India braces for sweeping tax reform
NEW DELHI: Prime Minister Narendra Modi’s government is set to dramatically reshape Asia’s third-largest economy with the biggest tax reform since independence in 1947.
After finding common ground among India’s 29 states, the finance ministry on Friday released detailed rates for the incoming Goods and Services Tax (GST), slotting more than 1,200 items — from sugar to steel pipes and motorcycles — into five tax brackets between zero and 28 per cent.
With that done, India is almost ready to implement a tax code that unifies more than a dozen separate levies, effectively creating a single market with a population greater than the United States, Europe, Brazil, Mexico and Japan combined.
“It is a tax revolution, in many ways, because the indirect tax structure in India was hopelessly chaotic,” said Raghbendra Jha, head of the economics department at Australian National University. “It’s mind boggling, the sheer magnitude of the reform taking place.”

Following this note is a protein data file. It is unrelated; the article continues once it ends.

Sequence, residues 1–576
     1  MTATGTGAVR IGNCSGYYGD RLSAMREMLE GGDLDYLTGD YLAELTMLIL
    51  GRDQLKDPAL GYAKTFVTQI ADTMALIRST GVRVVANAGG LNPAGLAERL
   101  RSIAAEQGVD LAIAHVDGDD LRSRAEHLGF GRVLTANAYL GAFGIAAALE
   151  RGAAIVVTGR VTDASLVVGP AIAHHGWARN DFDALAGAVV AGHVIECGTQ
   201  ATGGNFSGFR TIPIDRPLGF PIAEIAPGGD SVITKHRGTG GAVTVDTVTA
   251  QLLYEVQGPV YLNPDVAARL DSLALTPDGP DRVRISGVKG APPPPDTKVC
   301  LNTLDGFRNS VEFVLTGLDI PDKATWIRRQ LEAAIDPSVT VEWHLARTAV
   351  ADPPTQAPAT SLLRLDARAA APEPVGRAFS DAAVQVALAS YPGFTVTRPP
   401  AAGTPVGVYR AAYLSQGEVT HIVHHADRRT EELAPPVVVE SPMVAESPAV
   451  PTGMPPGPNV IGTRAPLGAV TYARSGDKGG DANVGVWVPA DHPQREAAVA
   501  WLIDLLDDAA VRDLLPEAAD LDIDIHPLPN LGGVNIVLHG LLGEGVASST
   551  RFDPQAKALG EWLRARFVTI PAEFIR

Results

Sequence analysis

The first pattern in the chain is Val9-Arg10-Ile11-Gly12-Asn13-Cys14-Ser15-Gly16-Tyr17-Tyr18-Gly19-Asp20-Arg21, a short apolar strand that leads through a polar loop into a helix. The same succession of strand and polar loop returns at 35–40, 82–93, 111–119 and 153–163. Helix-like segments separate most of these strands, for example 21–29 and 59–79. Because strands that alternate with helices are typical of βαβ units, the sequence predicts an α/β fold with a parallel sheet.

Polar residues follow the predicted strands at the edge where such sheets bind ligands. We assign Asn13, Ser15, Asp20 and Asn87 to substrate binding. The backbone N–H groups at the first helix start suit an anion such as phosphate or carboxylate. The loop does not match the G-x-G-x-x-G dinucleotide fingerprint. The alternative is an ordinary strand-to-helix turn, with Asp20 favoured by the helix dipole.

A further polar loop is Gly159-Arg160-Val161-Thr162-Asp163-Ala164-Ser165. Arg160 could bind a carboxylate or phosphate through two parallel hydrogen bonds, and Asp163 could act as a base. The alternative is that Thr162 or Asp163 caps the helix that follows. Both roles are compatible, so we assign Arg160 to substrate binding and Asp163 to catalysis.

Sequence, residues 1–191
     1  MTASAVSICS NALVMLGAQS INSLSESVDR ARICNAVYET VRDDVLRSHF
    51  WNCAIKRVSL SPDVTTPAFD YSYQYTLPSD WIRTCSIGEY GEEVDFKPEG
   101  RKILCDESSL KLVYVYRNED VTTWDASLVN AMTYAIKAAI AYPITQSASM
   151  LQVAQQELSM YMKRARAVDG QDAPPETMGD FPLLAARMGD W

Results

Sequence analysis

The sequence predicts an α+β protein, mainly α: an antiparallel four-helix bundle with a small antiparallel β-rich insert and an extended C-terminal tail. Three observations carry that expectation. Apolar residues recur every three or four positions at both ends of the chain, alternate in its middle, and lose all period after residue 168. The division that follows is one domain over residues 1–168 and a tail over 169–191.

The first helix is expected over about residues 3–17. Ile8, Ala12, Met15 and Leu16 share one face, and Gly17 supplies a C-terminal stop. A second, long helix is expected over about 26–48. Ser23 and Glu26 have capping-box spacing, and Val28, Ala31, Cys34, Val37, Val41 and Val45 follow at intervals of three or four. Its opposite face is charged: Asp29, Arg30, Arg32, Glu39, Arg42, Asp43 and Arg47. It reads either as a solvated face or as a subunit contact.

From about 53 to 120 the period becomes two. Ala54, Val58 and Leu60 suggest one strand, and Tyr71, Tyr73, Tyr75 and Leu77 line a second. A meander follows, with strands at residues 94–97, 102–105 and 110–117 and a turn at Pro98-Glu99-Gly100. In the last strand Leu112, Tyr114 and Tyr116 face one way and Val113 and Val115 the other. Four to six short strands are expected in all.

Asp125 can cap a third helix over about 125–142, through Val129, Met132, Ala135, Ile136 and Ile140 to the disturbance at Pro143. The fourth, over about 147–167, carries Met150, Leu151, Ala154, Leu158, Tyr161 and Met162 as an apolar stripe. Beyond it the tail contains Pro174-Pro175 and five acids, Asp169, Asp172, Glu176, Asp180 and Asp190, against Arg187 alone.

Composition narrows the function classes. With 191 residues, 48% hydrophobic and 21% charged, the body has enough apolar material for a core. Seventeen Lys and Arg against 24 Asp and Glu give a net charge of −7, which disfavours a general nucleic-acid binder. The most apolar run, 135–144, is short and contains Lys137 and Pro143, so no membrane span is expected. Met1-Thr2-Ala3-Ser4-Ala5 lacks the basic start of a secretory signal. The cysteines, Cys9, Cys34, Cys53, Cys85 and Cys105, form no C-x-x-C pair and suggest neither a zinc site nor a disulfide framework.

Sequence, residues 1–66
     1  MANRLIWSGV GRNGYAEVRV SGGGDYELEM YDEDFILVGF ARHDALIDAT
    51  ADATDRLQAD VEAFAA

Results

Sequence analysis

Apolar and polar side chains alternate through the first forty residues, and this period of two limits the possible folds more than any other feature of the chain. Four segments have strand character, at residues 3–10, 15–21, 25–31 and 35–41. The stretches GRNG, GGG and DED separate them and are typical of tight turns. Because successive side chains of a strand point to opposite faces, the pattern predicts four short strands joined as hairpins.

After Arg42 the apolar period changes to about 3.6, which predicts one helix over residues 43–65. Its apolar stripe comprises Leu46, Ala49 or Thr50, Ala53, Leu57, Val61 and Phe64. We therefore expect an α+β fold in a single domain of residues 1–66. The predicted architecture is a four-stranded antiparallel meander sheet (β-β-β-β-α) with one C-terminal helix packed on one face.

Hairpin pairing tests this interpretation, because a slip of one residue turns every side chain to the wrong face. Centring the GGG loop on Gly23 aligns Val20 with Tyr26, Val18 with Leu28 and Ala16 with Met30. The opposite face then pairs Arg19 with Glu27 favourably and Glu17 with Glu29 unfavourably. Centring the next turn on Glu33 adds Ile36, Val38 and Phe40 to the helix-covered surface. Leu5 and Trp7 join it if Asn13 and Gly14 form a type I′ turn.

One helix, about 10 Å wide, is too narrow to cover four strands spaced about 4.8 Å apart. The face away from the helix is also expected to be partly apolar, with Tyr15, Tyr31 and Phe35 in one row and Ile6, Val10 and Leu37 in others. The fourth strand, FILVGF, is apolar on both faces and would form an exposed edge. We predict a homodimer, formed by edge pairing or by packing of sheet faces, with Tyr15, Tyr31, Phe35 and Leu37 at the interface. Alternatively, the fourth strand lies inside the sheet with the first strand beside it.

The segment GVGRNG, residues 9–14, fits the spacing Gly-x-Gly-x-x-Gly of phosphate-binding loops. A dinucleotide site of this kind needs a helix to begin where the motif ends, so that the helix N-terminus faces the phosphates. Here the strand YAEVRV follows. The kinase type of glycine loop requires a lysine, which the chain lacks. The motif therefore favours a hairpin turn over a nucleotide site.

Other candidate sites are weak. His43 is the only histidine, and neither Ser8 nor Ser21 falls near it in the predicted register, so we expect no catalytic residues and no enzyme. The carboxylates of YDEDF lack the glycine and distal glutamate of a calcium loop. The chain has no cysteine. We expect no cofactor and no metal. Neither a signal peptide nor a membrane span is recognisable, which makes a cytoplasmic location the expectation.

The sweeping tax reform will gradually reshape India’s business landscape, make the world’s fastest-growing major economy an easier place to do business and is likely to raise government revenues by widening the tax net in the country’s largely informal US$2 trillion (RM8.66 trillion) economy.
That means India could spend more on desperately needed infrastructure and training programmes for a workforce that is growing by one million people each month, laying the groundwork for longer-term growth.
With tax experts praising the rates as moderate and generally lower-than-expected, it seems possible Modi may be able to roll out this reform without a politically damaging rise in inflation.
However, some economists and analysts see a July 1 deadline as unrealistic. Business groups, fearing a chaotic implementation, have lobbied the government for a September 1 roll out.
“To expect the rates are out on the May 18 or 19, and everyone will